At dinner Frankie told us the normal race routine schedule and such, except for one interesting tid bit. Rule 1 for the Tour De DMZ. Stay on the road! Why? Landminds. That's right Landminds. So I guess no matter what is in the road you are better off hitting that then taking your chances off of it.

Time to get ready. 180km's, 2 big climbs and 3 medium size climbs. Wish us luck.

Breeze On

Wednesday, October 20, 2010

Finally made it to Korea after 30hrs of travel, and what was the first thing we did. Ate at Outback Steak House. I'm pretty sure I could have traveled 30mins not 30hrs if I'd just had stayed at home. It just so happened to be on the second floor of our hotel and the place where the dinner was held for the racers coming in.

The travel was rather uneventful. The way I'd like it to be. The funniest thing was when Sundt went through customs in Korea after me. They made him take off his hat because the agent said, "We all looked a like." That made our day.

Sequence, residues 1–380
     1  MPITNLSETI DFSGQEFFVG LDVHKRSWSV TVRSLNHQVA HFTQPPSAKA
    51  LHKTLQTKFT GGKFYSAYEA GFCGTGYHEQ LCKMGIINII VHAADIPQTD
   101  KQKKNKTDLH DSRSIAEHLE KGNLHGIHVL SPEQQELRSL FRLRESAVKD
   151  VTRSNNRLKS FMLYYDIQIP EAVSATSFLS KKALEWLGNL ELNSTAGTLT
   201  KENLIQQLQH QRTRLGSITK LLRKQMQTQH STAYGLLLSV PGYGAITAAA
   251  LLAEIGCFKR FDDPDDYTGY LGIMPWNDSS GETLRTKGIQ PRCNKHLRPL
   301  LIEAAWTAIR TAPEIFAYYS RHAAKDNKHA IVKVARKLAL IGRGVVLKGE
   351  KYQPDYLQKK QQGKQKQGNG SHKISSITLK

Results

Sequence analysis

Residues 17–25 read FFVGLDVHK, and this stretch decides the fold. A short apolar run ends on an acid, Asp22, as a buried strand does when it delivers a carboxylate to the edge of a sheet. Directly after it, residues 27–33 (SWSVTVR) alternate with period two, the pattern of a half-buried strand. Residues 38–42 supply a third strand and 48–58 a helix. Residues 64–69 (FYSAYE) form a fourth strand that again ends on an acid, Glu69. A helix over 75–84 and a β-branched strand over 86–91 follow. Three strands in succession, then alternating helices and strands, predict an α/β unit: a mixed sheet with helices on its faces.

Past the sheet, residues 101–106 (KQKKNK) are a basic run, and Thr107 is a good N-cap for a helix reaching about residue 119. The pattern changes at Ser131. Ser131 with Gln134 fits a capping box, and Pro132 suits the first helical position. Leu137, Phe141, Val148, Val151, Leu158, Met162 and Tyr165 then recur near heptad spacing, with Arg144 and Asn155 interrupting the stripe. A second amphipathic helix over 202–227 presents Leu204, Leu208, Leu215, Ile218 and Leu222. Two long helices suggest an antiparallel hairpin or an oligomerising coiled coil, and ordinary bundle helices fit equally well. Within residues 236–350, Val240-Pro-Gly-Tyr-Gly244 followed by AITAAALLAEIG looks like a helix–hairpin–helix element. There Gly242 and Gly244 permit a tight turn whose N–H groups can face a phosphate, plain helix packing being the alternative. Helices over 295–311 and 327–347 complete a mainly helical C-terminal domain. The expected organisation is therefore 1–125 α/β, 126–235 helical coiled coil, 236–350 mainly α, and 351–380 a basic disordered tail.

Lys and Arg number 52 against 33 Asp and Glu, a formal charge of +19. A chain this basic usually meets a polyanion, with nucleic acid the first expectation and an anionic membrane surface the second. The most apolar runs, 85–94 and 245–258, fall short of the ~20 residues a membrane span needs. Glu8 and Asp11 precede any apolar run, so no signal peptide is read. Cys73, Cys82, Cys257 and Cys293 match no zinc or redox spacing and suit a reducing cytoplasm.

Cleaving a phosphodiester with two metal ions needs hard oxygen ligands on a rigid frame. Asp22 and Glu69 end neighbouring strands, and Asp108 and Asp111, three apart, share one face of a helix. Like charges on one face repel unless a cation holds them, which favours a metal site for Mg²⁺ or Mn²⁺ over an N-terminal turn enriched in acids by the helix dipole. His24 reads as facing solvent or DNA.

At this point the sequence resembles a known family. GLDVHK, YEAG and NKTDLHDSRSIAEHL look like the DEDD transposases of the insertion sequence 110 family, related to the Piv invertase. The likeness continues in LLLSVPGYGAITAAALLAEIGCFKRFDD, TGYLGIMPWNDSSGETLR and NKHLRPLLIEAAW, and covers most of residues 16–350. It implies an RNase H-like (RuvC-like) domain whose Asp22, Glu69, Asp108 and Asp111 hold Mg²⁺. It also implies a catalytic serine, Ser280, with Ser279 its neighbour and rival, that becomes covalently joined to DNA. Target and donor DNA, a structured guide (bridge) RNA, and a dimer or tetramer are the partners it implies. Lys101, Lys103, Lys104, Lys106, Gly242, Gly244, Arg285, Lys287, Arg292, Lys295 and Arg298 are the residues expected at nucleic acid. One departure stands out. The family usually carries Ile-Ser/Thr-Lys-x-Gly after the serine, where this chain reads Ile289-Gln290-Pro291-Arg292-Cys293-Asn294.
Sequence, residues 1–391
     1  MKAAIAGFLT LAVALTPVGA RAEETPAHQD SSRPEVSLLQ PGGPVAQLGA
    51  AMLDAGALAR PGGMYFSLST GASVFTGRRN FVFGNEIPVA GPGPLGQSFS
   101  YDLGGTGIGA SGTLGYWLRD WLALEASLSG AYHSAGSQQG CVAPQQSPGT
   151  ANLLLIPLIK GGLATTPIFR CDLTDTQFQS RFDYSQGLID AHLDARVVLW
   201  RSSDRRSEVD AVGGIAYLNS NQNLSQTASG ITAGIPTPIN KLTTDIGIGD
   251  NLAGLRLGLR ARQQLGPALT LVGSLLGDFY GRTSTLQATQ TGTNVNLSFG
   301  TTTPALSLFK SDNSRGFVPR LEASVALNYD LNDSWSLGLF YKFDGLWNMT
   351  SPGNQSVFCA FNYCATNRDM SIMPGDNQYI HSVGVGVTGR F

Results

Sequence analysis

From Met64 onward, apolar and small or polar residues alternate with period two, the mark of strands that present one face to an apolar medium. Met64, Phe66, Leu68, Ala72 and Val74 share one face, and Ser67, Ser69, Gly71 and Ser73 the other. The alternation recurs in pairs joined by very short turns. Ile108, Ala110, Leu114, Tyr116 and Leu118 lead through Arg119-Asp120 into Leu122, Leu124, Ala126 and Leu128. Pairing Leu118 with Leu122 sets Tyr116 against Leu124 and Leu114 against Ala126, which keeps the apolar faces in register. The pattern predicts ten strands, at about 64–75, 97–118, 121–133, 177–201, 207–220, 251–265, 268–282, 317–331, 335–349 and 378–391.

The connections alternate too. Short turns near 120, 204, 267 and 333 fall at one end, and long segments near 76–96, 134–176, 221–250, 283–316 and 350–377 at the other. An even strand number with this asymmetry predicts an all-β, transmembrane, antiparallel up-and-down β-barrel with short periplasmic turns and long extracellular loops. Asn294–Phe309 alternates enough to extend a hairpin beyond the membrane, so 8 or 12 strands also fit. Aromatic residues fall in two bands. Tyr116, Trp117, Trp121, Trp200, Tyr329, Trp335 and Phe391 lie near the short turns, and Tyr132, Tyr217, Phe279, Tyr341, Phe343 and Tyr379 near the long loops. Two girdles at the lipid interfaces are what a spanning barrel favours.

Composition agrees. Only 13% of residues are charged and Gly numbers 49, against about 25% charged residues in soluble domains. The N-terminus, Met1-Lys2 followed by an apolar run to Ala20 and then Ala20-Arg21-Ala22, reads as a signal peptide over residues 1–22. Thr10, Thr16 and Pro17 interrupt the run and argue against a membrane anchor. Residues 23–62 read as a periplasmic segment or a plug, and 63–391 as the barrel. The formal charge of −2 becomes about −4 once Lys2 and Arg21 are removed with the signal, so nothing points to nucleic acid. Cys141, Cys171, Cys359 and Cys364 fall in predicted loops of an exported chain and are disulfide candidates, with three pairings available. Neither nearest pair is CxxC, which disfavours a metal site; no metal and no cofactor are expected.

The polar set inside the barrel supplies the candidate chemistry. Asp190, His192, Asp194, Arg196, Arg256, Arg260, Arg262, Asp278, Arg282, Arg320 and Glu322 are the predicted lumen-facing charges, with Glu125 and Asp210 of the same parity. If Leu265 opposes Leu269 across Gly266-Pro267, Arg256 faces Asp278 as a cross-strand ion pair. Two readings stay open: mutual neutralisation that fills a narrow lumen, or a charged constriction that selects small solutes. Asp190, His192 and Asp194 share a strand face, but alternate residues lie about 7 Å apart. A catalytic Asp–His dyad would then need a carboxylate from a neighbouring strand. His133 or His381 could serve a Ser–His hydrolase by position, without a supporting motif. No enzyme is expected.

Here is the flight path. Nothing much goes on below where we flew.

Every wonder what northern Russia looks like. Well here it is.

Clearly not much. Just a big open tundra.

After spending less then 12hrs in our first hotel we are making our transfer to the starting town for tomorrow. I thought I had a great nights rest. I zonked right out and when I got up well rested I looked at the clock to notice it was only 11:53. From there I knew the rest of the night was going to be a long one. So it's 5am now and we don't leave for another 4hrs, but I really can't sleep any more. It will be breakfast time soon enough.

Hopefully we will have internet throughout the trip.

Breeze On

Monday, October 18, 2010

Many cyclist dream of racing across the 'pond' (Atlantic Ocean). I'm about to cross the 'lake' (Pacific Ocean) for the second time this season. I'm about to ending my road season where it began, in Asia. In March I would have never dreamed of making the long trip back over, but for some reason I agreed to not only fly in a plane for 18hrs, but also extend my racing season into late October. Of course how often do you get to go to South Korea and race around the DMZ.